Holocaust Museum acquires copy of UN war crimes archive from WWII, will give public access

Brett Zongker / The Associated Press
July 17, 2014 05:15 AM

This photo, date unknown, provided by United States Holocaust Memorial Museum, shows Jews assembled in the desecrated synagogue in Novi Sad, Yugoslavia, before being transported to a concentration camp. A largely unknown archive documenting thousands of cases against World War II criminals, from Hitler to many average participants in the Holocaust who were never brought to trial, are being made public and unrestricted for the first time at the U.S. Holocaust Memorial Museum in Washington after being locked away for decades at the United Nations. (AP Photo/United States Holocaust Memorial Museum)

WASHINGTON - From Adolf Hitler down to the petty bureaucrats who staffed the Nazi death camps, thousands of perpetrators of World War II war crimes were eventually written up in vast reams of investigative files — files that now, for the first time, can be viewed in their entirety by the public.

The U.S. Holocaust Memorial Museum in Washington has obtained a full copy of the U.N. War Crimes Commission archive that has largely been locked away for the past 70 years under restricted access at the United Nations. On Thursday, the museum announced it has made the entire digital archive freely available to visitors in its research room.

Although information in the documents has long been known to investigators and historians, the public was kept out. Even researchers at the U.N. must petition for access through their governments.

Many of those named in the archive were never held accountable.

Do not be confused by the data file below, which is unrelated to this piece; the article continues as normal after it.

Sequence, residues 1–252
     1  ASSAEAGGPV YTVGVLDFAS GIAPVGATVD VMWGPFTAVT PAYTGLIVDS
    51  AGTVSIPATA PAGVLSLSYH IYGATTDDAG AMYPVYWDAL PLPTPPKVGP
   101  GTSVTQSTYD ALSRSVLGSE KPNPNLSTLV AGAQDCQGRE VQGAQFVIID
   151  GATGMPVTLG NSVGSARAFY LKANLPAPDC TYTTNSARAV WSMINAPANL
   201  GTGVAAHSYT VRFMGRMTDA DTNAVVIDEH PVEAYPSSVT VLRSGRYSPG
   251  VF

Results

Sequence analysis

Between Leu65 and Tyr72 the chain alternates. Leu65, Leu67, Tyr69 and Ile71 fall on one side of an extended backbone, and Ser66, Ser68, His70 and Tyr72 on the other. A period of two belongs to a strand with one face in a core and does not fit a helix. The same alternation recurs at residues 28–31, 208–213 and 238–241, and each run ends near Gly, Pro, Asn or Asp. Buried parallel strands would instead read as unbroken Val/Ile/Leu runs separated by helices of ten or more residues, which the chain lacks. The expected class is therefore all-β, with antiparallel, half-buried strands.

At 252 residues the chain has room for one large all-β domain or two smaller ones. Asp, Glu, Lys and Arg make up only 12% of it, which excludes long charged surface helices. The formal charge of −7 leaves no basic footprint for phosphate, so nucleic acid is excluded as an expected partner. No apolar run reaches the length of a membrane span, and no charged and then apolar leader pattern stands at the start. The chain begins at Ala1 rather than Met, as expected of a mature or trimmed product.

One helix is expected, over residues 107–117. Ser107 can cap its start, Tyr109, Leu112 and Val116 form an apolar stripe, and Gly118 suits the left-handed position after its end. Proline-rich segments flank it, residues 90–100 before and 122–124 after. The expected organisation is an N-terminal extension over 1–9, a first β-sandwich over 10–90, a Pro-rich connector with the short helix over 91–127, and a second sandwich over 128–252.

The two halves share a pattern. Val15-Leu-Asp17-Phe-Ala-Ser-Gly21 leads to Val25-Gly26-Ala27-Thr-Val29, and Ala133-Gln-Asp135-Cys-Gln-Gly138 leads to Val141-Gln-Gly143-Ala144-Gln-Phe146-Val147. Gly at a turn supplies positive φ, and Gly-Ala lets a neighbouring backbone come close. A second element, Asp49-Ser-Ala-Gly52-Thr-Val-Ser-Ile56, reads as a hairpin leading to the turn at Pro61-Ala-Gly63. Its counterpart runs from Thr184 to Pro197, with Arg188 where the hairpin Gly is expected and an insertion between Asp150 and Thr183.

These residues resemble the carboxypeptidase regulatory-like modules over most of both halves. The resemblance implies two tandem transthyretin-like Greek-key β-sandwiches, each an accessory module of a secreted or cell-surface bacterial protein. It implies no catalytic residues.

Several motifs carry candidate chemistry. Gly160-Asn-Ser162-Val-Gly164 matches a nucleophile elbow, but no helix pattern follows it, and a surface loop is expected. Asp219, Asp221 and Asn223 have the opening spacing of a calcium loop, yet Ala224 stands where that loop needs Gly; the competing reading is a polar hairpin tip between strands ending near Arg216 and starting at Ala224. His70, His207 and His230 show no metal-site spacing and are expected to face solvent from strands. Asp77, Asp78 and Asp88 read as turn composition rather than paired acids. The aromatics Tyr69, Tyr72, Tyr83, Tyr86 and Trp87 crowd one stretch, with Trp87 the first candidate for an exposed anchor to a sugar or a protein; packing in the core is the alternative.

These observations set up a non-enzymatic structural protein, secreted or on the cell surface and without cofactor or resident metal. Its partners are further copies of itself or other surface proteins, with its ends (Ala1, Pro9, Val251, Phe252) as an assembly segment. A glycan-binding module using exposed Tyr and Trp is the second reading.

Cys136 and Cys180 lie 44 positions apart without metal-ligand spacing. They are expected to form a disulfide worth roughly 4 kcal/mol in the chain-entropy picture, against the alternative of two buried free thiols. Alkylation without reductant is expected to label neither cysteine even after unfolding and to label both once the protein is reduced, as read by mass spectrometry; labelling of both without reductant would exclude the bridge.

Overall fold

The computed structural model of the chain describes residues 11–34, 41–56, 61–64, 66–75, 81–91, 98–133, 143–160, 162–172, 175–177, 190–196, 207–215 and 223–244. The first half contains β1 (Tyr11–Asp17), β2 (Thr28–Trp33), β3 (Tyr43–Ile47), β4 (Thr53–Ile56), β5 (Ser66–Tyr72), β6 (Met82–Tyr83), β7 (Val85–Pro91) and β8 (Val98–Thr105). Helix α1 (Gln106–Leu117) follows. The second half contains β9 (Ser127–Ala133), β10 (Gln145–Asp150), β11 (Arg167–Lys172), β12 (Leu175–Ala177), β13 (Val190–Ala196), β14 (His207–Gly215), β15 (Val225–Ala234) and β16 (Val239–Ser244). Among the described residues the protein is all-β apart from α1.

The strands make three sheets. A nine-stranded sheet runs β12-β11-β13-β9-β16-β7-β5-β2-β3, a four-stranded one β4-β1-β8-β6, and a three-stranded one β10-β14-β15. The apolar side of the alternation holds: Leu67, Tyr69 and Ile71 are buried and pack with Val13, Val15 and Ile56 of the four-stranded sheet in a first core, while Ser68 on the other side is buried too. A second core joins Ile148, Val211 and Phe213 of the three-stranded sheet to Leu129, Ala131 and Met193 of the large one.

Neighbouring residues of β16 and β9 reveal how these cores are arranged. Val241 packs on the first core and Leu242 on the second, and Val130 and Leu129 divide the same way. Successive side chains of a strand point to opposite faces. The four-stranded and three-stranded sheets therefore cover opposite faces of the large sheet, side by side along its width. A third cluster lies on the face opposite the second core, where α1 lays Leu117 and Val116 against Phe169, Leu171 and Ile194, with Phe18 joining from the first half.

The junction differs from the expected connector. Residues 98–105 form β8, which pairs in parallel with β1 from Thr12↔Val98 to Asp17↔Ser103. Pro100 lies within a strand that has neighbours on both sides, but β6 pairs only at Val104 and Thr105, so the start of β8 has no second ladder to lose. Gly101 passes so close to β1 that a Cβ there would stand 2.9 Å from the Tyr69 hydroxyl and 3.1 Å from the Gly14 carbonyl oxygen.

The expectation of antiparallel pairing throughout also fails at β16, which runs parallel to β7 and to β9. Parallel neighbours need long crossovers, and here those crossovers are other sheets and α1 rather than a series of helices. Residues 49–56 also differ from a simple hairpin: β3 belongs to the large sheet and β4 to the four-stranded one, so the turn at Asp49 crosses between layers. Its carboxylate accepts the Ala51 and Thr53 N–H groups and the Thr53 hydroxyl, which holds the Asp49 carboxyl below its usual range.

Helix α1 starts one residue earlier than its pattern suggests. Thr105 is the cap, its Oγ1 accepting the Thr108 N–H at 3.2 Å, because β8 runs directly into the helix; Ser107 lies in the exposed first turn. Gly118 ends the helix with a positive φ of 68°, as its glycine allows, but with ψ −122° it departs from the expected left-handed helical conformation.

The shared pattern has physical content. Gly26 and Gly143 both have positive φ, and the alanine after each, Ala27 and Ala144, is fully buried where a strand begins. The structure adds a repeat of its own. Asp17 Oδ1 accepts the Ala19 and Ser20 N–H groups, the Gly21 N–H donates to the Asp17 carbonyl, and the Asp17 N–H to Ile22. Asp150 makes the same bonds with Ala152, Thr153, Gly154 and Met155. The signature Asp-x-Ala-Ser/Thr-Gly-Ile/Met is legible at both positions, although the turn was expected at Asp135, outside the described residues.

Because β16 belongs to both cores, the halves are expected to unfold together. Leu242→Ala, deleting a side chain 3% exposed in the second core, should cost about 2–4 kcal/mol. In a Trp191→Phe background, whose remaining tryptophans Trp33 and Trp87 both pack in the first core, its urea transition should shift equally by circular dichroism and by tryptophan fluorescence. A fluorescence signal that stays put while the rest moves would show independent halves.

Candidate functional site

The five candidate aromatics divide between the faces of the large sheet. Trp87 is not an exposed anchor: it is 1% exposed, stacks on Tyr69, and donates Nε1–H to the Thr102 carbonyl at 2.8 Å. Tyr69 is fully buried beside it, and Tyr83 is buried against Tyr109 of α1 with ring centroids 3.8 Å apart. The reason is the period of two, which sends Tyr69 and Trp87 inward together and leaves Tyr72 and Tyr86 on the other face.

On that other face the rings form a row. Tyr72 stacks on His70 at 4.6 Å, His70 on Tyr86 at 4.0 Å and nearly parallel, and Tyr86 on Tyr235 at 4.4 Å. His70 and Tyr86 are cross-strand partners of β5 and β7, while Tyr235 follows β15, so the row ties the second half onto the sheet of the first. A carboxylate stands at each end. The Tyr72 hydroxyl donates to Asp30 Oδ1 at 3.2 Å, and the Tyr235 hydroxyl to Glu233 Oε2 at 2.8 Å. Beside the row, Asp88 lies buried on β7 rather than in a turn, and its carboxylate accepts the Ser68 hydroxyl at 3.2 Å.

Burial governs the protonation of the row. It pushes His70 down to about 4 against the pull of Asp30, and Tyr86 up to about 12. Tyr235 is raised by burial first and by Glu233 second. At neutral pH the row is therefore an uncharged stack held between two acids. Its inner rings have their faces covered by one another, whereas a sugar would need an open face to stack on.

In addition to the allegations of mass murder against Hitler and his high-level henchmen, the files list thousands of obscure but no less horrendous cases from across Europe and Asia. There is Franz Angerer, a member of the Gestapo, accused of rounding up inmates in Sosnowiec, Poland, to send to Auschwitz.

Helmut Steinmetz in Warsaw, Poland, was accused of murdering a crippled Jewish man he met on the street, as well as killing a railroad porter with a stick for refusing to carry his luggage.

And Elimar Luder Precht, who served as chief dentist at several concentration camps, was accused of selecting Auschwitz inmates for execution based on whether they had gold or platinum teeth that could be forcibly taken.

The vast collection includes about 500,000 digitized microfilm images with more than 10,000 case files in multiple languages from Europe and Asia on people identified as war criminals. There are also meeting minutes, trial transcripts and 37,000 names listed in a central registry of war criminals and suspects. Some files have lists of personnel at concentration camps, including Auschwitz and Ravensbruck.

The evidence was submitted by 17 member nations for evaluation to try to assure that war criminals would be arrested and tried, but the war crimes commission was shut down in 1948.